|Impact, that mythical beast|
When impact first burst onto the scene seven years ago it was so radical an idea, so controversial a concept, that we used to run ‘impact surgeries’, to which academics could bring their research ideas and where we would suggest possible ways in which their work could have impact. We were no impact experts, but had the objectivity and distance to see beyond the immediate research to its potential effect on the wider world.
In the intervening years the term impact has become more familiar, but still somewhat nebulous. There’s no longer a need for surgeries, but, like the Heffalump in Winnie the Pooh, people are still anxious about this mythical beast. They build it up in their imaginations to be much more than it is. They try to trap it and pin it down, but more often than not they end up following their own footprints. It’s viewed as either the Harbinger of the End of Academic Civilisation or, at the other extreme, the Salvation of Research Relevance. The truth, as ever, lies somewhere between these two.
In May, we held an event to try to map out this beast. We invited some of the best speakers on the subject to discuss it, from Jane Tinkler (London School of Economics and Political Science) and Stephen Curry (Imperial College London), to Andy Miah (University of Salford) and Steven Hill (Higher Education Funding Council for England). The latter’s thoughts were particularly intriguing, and he structured his talk around ‘six lessons’, which immediately brought to mind a festive religious celebration. This was apt: there was a slight sense of him providing us with quasi-mystical insights from a higher being. He was David Sweeney’s representative on Earth.
Inevitably, for Hill the inclusion of impact within the REF has been a positive one. He said he believes that it has given universities an opportunity to think objectively about what they do, and how they should act strategically. Hill quoted one anonymous university source who said, “In short, we know more about ourselves as a consequence of making a REF submission.”
Following the exercise, HEFCE surveyed the authors of impact case studies and narratives, and the most frequently mentioned benefit was the opportunity it gave to identify and understand the impact of research. Authors also welcomed the chance to reflect on strategy, for their own research or that of the wider faculty or university, as well as having a channel through which to promote and recognise the work of colleagues and their relationships with research users.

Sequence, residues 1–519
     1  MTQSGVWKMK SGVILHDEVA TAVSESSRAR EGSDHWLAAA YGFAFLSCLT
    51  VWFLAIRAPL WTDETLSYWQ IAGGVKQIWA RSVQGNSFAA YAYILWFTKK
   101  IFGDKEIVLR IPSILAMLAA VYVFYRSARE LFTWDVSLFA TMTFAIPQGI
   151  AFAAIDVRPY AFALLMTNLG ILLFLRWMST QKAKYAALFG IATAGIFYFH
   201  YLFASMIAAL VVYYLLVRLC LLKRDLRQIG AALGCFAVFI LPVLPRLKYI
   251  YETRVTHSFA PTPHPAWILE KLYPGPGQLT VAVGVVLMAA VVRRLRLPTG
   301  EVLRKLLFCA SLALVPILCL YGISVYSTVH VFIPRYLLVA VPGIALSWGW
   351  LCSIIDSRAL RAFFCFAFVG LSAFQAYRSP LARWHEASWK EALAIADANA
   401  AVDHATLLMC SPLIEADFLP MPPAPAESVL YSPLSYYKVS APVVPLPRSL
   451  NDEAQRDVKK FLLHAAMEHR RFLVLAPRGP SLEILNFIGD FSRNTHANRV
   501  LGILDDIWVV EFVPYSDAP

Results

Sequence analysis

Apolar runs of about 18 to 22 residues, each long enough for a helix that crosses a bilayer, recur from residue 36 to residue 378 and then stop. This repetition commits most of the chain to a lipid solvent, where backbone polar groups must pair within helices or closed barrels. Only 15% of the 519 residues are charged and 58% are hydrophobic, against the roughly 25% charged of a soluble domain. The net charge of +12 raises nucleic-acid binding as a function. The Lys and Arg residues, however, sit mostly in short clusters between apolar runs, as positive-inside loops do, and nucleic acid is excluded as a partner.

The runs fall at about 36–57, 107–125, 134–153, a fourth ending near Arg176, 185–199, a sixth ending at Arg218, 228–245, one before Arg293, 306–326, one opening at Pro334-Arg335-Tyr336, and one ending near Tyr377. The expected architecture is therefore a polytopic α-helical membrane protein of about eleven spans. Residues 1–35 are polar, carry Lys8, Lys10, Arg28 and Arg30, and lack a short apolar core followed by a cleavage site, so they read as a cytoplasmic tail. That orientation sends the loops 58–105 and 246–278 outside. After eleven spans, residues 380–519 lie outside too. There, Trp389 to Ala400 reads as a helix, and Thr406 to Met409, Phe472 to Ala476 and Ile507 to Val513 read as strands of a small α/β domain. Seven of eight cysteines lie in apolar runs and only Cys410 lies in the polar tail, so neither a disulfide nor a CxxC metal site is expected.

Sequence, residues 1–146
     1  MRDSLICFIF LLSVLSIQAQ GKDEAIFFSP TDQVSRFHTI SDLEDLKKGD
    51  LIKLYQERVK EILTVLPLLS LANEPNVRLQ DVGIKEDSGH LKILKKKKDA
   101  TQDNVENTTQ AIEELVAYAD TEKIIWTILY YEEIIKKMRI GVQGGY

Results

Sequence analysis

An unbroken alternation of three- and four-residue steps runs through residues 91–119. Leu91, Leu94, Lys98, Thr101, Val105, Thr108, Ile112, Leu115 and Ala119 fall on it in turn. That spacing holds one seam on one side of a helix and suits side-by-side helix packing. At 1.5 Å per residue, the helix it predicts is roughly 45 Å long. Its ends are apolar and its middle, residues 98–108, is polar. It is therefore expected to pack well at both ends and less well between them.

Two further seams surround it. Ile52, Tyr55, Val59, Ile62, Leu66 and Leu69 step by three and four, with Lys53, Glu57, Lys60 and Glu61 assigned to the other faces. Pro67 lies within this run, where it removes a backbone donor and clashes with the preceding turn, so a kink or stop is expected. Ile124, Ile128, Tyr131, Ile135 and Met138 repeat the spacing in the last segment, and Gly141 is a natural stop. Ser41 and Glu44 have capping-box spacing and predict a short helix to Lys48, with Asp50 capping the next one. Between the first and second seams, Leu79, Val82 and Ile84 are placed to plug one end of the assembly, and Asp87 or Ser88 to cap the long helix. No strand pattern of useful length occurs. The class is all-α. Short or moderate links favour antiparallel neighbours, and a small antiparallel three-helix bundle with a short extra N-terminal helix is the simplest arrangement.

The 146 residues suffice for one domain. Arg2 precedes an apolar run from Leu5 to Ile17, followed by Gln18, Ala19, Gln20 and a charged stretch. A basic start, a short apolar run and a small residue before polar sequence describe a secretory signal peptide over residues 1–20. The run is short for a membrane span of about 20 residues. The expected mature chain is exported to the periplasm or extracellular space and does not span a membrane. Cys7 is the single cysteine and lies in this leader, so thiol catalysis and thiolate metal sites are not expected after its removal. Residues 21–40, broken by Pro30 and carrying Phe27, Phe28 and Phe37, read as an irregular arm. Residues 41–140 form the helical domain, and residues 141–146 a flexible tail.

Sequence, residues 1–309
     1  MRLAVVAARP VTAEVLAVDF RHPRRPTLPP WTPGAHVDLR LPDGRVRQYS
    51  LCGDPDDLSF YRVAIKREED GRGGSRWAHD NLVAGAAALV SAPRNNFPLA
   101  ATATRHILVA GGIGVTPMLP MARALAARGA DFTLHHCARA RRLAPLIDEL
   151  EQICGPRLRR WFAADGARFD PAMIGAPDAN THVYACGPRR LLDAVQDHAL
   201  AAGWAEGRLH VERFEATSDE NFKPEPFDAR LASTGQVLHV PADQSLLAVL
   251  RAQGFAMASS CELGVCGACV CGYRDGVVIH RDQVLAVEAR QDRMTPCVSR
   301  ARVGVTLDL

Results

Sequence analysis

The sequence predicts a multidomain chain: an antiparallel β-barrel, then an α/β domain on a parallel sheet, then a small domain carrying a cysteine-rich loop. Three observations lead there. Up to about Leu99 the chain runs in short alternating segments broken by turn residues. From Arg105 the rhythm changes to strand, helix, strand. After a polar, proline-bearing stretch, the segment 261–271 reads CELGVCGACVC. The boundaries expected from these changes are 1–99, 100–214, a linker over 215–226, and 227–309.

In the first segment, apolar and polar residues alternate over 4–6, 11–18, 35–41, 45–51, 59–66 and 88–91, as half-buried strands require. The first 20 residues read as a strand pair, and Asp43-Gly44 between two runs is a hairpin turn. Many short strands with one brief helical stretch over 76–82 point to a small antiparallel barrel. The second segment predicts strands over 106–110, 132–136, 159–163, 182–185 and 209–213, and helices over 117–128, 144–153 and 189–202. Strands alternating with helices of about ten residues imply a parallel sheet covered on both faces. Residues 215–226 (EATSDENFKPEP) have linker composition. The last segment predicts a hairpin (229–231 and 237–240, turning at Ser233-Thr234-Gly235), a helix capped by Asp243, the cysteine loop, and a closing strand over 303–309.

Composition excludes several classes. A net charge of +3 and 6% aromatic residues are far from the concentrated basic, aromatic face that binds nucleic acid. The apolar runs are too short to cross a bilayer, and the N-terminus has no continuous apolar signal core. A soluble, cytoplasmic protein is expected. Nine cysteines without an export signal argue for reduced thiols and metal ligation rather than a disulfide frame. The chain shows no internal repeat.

More substantially, formally recognising impact has led to structural changes. Evidence of impact is now more systematically captured, and impact activity is generally included as part of promotion applications and grant proposals. Hill went on to suggest that the assessment process itself has been beneficial. It has brought together academics and users, and the subsequent calibration and resulting judgements had given us confidence in this fledgling science. However, he did recognise that some issues remained: the templates (or narratives) were difficult to compare, and the lack of a requirement for evidence meant that much rested on the quality of the writing.
Furthermore, he said the exercise had proved how diverse impact could be. Not surprisingly different types of impact prevailed in different disciplines, from public health and disease prevention in the medical sciences, to informing government policy in the social sciences, to interacting with museums in the humanities. Going further, it was clear that the most effective and far-reaching impact resulted from the integration of knowledge across disciplines.
The REF had also punctured the myth that impact stemmed from peripheral or low quality research, Hill said. HEFCE had mapped out a scatter graph, with the grade point average of outputs on the X axis and of impact on the Y. The majority of the points were clustered in the top right-hand corner, suggesting that there was a correlation between quality in both axes.
Hill’s final point focused on the creation of the REF Impact Case Studies Database. The systematic collection of impact data has generated what he sees as an important national asset, and provided new insight into the relationship between research and impact. As a result the Heffalump is, perhaps, a little less nebulous; or at least it’s footprints are much, much easier to make out in the snow.
Hopefully by the time that REF 2020 rolls around we might have the hard evidence the proves the existence of the real thing.
This article first appeared in Funding Insight in August 2015 and is reproduced with kind permission of Research Professional. For more articles like this, visit www.researchprofessional.com